He was distracted but kind enough to answer. "Maybe thirty-five. They live to about a hundred eighty earth years, so she is very young." He shook his head. "She's not doing well."
She? I looked closer. Was the species mammalian? I didn't see any breasts. The facial features were delicate. As soon as I started the hydration, the patient gasped for air and suddenly the light went out of her eyes. Her skin paled to gray in a matter of seconds. "Doctor!" I yelled. The ceiling above showed happy cottony clouds dancing across a cerulean sky.
He calmly returned, took one look, pressed something on his belt and pulled the blanket over her face. His eyes filled with tears. I loved him in that moment. That was the beginning.
The Zeta White struggled to sit up. Instantly, it was apparent his mode of communication was telepathy. He filled my head. Tell my employers, tell my egg mates, tell my ship, what is left, that I had every intention of achieving the goals, but now see that this will be impossible. Tell them I meant to succeed! And then he fell back and lost consciousness.
Dr. Tane moved to my side. "You're young to have to experience this," he said. "What should be a slow and exciting introduction to different species is now a circus of pain."
"Thank you for acknowledging my feelings."
"I need to warn you," he added, "it's going to get worse. My mother probably told you that humans are more resistant. But when they do get it, more than half die. The death rate among the Durlajis is seventy percent, with the Lausti twenty-eight percent and the Zeta Whites eighteen. The Parmida, of course don't catch it."
"Sarah said that the others are related to us."
"I was working on that study before the plague arrived. Using reverse genetic engineering, it appears that millions of years ago, someone seeded many planets with life, using the same genetic code. On the seeded planets, things progressed or did not progress at their own speed and style. Animals and plants formed, flourished and died and were reborn. Species evolved, looking and behaving differently but with the same genetic base until each planet produced highly sentient beings. We cannot naturally mate with them today but probably could with help in the lab. Beings with this same long-ago genetic parent are vulnerable to this virus, which by the way, could have been purposely created. Time will tell."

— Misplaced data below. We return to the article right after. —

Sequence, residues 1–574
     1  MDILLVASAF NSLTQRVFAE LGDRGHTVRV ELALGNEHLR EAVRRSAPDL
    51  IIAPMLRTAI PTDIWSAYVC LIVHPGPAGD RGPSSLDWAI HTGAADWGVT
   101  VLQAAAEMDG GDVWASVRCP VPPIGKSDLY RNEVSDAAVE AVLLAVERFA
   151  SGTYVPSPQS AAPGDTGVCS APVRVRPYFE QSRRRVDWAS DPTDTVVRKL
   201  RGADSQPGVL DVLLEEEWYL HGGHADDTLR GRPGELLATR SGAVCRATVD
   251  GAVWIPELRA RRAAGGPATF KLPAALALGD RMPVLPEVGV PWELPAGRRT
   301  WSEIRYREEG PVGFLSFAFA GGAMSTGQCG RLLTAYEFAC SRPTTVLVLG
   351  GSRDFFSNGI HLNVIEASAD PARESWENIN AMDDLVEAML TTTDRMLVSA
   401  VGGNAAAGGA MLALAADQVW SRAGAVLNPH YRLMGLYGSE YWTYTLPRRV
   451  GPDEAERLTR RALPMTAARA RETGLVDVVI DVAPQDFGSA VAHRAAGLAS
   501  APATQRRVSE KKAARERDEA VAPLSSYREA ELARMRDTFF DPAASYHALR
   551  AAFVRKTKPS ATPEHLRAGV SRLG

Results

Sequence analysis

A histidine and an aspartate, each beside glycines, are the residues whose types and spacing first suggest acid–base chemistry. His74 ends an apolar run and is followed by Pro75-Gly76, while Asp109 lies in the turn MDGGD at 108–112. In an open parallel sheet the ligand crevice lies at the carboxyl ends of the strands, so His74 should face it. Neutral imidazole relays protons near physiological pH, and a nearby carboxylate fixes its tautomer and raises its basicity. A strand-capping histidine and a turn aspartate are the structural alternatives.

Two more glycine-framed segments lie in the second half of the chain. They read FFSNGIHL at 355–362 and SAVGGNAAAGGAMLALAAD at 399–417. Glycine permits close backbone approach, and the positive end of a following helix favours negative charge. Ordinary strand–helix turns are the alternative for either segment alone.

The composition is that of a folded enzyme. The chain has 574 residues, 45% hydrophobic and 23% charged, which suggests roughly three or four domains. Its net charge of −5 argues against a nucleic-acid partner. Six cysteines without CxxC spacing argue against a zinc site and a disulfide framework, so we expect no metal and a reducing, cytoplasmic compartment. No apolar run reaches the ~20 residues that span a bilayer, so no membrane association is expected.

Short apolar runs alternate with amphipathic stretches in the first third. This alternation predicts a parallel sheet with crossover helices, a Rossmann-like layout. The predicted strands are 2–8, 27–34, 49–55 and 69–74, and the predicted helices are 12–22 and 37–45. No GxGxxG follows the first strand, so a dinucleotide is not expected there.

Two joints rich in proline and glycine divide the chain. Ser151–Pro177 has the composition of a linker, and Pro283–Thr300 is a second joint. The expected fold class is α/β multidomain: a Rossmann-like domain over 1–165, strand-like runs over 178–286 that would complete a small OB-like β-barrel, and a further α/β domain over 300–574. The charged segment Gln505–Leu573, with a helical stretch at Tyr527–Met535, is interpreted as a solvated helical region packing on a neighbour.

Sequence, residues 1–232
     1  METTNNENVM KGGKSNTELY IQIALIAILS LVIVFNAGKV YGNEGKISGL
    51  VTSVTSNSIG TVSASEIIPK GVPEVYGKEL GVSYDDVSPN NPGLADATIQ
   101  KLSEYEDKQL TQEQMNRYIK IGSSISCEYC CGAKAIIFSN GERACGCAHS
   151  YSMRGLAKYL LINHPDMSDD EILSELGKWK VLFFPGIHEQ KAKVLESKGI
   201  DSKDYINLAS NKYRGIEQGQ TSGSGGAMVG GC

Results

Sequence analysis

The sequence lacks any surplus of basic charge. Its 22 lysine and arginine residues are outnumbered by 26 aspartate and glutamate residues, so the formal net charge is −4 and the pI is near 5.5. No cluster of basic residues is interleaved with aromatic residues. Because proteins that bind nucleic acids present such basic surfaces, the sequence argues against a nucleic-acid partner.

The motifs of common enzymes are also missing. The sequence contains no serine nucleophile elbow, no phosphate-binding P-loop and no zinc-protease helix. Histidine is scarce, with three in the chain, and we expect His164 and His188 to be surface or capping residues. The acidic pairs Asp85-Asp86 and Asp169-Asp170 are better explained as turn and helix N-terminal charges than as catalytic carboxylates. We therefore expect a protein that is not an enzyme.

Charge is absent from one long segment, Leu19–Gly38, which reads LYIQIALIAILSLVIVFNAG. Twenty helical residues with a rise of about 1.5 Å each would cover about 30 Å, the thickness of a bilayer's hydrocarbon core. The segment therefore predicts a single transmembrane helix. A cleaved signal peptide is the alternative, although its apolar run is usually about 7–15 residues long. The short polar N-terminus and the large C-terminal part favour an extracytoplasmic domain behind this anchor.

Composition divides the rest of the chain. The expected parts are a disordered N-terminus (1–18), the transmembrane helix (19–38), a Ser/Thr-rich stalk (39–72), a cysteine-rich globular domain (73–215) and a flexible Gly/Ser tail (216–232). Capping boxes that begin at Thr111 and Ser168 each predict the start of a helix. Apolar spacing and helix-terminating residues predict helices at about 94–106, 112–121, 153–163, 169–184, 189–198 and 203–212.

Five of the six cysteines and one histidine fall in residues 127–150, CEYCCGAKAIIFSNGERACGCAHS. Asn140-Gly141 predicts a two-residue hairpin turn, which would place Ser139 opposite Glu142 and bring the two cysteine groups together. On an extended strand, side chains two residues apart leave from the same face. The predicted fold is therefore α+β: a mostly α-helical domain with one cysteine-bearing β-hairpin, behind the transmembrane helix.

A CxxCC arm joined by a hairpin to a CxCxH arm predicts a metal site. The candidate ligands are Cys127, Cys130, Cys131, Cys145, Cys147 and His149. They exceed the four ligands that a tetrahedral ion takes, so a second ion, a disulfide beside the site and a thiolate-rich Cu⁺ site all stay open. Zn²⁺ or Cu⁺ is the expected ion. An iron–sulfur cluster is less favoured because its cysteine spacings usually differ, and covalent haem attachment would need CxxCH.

I returned to work, which was endless and exhausting. "They're deathbed confessing sins I don't even know exist," I whispered to Mark, who looked exhausted. "You don't look so good," I added.
"There was a tear in my headgear," he said, his voice shaky.
"Did you tell Dr. Tane?"
"I told Sarah. She helped me clean up and get into a new suit."
"No," I wanted to shout, but kept my mouth shut. By the next morning, Mark was on one of the cots and by day two, dead. No one would come to replace him. Any ships heading our way were instructed to turn around or float in space.
I knew that I would contract the disease. How, I'm not certain, since I maintained proper protocol at all times, but the fact remained that the air in the general station would contain some virus particles no matter how often it was filtered and cleaned, and sure enough I was soon on my own cot drenched in sweat, coughing and vomiting. Dr. Tane tended me personally. I now understood the others' desires for a deathbed plea, but it would not be needed. "You're in the good fifty percent," he told me two days later when my fever broke. "You will survive."